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Seattle game developer claims Bothell homicide victim was employee; neighbors distraught
While Bothell detectives have not confirmed the identity of a woman found Tuesday morning who was the victim of a violent homicide, the woman’s employer and neighbors claim they know who she is.
A spokesperson for Z2Live, a mobile game developer, said the company contacted the Bothell Police Department on Tuesday because they were concerned about the welfare of their employee, Susann Smith.
Bothell police did a welfare check at a home in the 200 block of 240th St. S.W. in the Snohomish County area of Bothell and found a deceased woman at 10:30 a.m. Tuesday.
“She had not showed up to her workplace as expected,” said Bothell police Capt. Denise Langford.
Bothell police Sgt. Cedric Collins said the woman found in the house died of “homicidal violence.”
Collins said police could not confirm the missing woman was the deceased body that they found. The Snohomish County Medical Examiner’s Office has not determined the woman’s identity or cause of death.
He said he had no news regarding any suspect information on Thursday afternoon.
Collins also noted there were kids involved in the investigation, but they were not injured in the incident.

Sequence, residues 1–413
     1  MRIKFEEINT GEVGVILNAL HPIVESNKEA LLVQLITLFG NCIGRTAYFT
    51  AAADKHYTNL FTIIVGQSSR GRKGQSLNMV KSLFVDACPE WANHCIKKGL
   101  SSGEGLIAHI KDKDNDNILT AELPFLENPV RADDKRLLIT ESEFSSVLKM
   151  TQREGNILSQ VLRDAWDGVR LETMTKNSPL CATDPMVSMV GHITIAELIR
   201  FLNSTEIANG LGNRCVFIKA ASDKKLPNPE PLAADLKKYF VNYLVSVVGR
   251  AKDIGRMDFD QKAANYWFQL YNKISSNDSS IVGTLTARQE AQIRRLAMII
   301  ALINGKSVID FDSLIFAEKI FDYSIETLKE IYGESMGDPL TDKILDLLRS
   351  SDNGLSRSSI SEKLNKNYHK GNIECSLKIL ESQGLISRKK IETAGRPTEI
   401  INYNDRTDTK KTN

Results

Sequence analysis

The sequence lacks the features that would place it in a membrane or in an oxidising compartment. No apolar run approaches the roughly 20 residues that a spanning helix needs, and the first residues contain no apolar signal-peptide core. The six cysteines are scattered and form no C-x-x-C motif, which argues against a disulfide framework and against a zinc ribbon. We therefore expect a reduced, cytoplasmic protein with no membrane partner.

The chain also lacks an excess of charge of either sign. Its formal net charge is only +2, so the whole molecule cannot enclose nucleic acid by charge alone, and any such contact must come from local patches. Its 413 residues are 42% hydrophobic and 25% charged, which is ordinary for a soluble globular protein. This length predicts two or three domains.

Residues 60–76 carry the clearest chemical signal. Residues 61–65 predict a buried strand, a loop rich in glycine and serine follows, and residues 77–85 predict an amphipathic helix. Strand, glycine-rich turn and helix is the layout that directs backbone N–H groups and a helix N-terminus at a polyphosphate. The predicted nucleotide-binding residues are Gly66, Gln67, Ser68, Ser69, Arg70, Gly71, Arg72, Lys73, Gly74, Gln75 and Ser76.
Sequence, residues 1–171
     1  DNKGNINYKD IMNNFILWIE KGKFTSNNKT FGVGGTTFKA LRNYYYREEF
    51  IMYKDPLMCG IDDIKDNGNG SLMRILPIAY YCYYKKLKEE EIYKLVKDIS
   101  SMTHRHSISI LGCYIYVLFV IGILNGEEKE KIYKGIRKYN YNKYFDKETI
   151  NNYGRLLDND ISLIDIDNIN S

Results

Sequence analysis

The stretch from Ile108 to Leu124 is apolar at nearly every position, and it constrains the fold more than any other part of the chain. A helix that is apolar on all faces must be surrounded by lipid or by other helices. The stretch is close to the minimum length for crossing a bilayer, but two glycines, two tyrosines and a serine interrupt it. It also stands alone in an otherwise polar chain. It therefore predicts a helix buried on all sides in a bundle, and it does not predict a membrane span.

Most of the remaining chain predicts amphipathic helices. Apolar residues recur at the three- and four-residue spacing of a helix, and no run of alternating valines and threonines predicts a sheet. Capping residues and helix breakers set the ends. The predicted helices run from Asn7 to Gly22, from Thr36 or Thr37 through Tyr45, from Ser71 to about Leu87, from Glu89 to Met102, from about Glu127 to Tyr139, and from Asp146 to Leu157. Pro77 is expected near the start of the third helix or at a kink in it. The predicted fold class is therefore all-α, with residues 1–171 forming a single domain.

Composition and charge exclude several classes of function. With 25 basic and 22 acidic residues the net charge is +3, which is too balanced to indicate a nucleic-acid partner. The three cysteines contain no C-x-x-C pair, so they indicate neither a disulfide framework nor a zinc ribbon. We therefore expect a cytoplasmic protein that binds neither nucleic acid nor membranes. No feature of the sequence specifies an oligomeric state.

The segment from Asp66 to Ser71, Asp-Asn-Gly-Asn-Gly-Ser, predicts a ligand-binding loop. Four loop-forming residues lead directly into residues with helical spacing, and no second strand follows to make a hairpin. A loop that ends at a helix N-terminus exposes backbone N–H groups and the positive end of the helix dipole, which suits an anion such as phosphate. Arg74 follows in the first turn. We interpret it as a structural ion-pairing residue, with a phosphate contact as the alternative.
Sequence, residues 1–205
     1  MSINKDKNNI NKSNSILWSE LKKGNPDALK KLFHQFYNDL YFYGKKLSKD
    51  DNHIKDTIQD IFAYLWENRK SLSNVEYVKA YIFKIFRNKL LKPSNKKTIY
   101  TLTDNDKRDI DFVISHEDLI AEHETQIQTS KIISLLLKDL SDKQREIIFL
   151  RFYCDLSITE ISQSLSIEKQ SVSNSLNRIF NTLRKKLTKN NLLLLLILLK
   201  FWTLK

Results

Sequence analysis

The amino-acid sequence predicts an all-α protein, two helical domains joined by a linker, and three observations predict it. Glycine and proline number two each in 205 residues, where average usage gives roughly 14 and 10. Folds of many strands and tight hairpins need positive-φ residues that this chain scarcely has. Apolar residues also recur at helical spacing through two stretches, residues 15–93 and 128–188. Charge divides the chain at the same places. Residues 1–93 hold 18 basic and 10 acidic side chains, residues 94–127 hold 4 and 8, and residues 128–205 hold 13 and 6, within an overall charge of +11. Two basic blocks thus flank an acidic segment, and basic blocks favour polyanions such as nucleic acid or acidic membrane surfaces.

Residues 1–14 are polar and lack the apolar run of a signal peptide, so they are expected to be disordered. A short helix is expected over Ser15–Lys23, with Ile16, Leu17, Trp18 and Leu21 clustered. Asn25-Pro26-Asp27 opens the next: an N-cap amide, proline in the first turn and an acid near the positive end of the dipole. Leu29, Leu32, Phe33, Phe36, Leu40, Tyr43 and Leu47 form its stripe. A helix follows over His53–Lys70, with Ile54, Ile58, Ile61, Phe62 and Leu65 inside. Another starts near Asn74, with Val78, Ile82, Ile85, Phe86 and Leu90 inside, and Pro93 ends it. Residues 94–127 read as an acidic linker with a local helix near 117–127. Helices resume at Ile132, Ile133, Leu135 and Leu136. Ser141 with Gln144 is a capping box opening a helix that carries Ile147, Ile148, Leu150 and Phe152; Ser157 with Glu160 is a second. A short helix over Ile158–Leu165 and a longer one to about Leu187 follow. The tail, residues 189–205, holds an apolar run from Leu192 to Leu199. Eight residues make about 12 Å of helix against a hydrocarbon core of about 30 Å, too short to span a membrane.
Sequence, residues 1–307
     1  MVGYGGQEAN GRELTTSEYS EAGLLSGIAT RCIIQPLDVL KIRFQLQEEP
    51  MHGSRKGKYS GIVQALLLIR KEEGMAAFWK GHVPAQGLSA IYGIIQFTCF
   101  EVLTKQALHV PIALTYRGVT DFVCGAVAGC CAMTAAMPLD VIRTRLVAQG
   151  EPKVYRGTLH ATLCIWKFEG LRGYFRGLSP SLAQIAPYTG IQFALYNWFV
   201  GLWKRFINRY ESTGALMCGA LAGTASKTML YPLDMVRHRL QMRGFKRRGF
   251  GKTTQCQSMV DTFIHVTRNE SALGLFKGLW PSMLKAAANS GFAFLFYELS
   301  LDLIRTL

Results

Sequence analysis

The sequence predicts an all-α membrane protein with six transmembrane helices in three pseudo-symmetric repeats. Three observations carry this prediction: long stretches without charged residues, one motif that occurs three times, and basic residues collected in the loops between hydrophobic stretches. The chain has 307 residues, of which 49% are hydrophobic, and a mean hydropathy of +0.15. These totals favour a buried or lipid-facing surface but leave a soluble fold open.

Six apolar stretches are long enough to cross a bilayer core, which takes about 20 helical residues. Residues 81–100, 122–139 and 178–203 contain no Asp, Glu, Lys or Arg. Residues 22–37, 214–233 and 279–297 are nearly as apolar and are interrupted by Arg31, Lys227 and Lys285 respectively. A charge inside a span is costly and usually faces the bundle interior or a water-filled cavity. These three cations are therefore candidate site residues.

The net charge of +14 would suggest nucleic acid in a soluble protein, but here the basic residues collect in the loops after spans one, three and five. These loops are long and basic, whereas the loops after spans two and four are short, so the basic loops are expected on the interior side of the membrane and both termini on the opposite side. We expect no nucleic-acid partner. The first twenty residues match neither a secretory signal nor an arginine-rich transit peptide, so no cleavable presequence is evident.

Z2Live CEO Lou Fasulo said in a statement on Wednesday that Smith was an employee of the company for more than a year and “brought endless energy, smiles and a creative spirit to her work and the office.”
Fasulo noted that Smith was a dedicated employee, so when she didn’t arrive to work this week and after repeated calls to her went unanswered, the company called police.
“The Z2Live family is extremely saddened and equally heartbroken by the news of the loss of our friend and co-worker,” Fasulo continued. “... We’ll miss her dearly and our prayers are with her and friends during this most difficult time.”
Smith was in the midst of a custody battle and divorce, which was filed in November of 2011, according to Snohomish County Superior Court records. The records indicate that two temporary restraining orders were issued in 2011 and again in August 2012.
“In the spring, we saw him move his stuff out,” said Smith’s neighbor Vali Bazgan, of the husband.
Bazgan said Smith and her two young children moved into the Bothell home three years ago.
“She was really nice,” said Bazgan, noting Smith brought her young girl and boy by when they were trick-or-treating for Halloween. “She was from Germany. She was a smart lady.”
Bazgan said Smith was also very hardworking and she saw her recently cutting firewood in the backyard because the house didn’t have a heating system.
“I’m so sorry about this. It’s so sad,” she added.
Rose Buckley, a retiree who lives across the street from Smith, said she has been distraught since all the police activity began on Tuesday morning.
“We’ve been here since Tuesday wondering what’s going on,” she said.
Buckley wouldn’t comment on the nature of her relationship with Smith, but spoke fondly of her neighbor.
“She was a fantastic person - a real sweetheart,” said Buckley. “She was a very good neighbor and a good friend.”
She also cried when she spoke about Smith’s children.
“It’s very sad,” she said. “I think of the kids. Something like this is always awful.”